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Strive: New name, renewed mission

Jeff Nichols, chief executive officer of Strive, discusses the name change for what was formerly Mesa Developmental Services. Nichols said the new name better reflects the range of services offered by Grand Junction-based organization as well as its mission. (Business Times photo by Phil Castle)

 Phil Castle, The Business Times

 An organization that for nearly 50 years has provided a wide range of services to people facing physical and intellectual challenges has a new name leaders say better reflects a renewed sense of mission.

“The name simply symbolizes the body of what we do,” said Jeff Nichols, chief executive officer of what is now called Strive.

Jeff Parker, president of the board that oversees Strive, agreed. “This reflects our work, who we are and what we do.”

Nichols and Parker discussed the change during a news conference announcing the new name for what formerly was known as Mesa Developmental Services.

The nonprofit organization based in Grand Junction outgrew its former name in a number of ways, Nichols said.

In addition to providing services to clients with developmental disabilities, the organization offers other services and in other areas outside Mesa County, he said.

What’s more, Mesa Developmental Services sometimes caused confusion as to whether the organization actually was involved in real estate or energy development, Nichols said. And the term developmental services has fallen out of favor, he added.

Strive better reflects the ongoing mission of the organization to help the people its serves, Nichols added — not to mention their individual efforts to become more self-sufficient and contributing members of the community.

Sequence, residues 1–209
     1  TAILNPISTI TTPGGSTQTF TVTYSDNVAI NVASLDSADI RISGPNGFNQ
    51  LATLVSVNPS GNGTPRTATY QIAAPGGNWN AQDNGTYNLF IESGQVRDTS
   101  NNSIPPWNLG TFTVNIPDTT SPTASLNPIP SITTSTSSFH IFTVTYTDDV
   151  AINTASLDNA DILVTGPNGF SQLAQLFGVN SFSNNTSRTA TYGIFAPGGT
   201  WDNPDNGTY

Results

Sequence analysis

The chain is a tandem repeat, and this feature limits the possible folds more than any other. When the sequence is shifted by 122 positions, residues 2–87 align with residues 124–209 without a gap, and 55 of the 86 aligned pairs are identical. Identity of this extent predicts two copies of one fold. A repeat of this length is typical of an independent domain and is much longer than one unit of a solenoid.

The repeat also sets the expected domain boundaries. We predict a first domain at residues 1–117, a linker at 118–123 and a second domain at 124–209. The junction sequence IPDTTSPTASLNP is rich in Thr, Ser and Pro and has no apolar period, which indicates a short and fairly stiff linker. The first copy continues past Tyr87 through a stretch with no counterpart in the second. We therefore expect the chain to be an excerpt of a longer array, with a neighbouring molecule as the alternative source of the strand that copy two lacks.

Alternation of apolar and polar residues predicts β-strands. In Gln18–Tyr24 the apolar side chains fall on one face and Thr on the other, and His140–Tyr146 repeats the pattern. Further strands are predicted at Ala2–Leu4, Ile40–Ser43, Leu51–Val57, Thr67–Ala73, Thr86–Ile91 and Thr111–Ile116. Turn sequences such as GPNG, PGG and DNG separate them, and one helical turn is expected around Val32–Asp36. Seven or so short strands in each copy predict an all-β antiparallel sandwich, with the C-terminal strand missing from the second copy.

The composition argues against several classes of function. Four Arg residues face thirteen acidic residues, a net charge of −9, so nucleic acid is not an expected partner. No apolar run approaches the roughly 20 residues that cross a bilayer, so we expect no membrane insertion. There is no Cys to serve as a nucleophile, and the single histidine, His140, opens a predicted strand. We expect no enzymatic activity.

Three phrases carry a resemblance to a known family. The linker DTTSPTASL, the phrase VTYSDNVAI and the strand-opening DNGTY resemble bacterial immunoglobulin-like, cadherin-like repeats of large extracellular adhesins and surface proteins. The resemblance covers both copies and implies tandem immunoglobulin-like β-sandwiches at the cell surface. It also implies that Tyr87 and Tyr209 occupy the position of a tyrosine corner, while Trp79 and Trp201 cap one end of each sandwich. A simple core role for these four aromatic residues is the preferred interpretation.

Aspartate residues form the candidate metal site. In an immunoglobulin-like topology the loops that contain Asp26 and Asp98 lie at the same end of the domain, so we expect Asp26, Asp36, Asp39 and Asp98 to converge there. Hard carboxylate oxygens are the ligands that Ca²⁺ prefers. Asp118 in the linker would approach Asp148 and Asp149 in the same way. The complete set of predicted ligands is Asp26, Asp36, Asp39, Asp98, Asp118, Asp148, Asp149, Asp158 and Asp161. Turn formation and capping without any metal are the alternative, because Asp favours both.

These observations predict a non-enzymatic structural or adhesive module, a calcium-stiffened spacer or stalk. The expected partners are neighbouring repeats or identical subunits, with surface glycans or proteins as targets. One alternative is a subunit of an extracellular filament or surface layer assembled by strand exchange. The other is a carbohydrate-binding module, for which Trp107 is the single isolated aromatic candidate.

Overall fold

Joe Warner, vice president of the board that oversees Strive, said the new name will better accommodate changes going forward. “We think we have a name we can really growth with.”

Strive serves a total of about 780 children and adults with physical and intellectual challenges, most of them in Mesa County, but also some in Delta and LaPlata counties. Services range from early intervention and prevention services for infants and children to group homes, therapy and training for adults.

In addition, Strive provides services to businesses through a number of programs that also put clients to work.

A vocational division provides crews for commercial janitorial, lawn and grounds maintenance services. Through Labor Solutions, clients provide such contract services to businesses as assembly, bulk mailing, document shredding and sorting. Strive also puts clients to work at Uniquely Yours, a retail store in downtown Grand Junction, as well as places clients with a variety of businesses.

Strive recently launched Audyssey, a  new initiative offering services to children and adults on the autism spectrum. Yet another new program called Trusted Care will offer home care services, including homemaking and skilled nursing services.

With a staff of 380, Strive ranks among the largest employers in Mesa County. The organization paid a total of $11 million in salaries and benefits and purchased $5 million in goods and services during its 2012 fiscal year.

Strive brings in $16 million annually in revenues. Since about 85 percent of that revenue comes from state funding, the organization brings in money from outside the area.

Phil Castle is editor of the Grand Valley Business Times, a twice-monthly business journal published in Grand Junction. Castle brings to his duties nearly 30 years of experience in editorial management positions with Western Colorado newspapers. In addition, his free-lance work has appeared in a variety of publications, including the Washington Post. He holds a bachelor's degree in technical journalism from Colorado State University.
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Posted by on Jan 29 2013. Filed under Business News. You can follow any responses to this entry through the RSS 2.0. Both comments and pings are currently closed.

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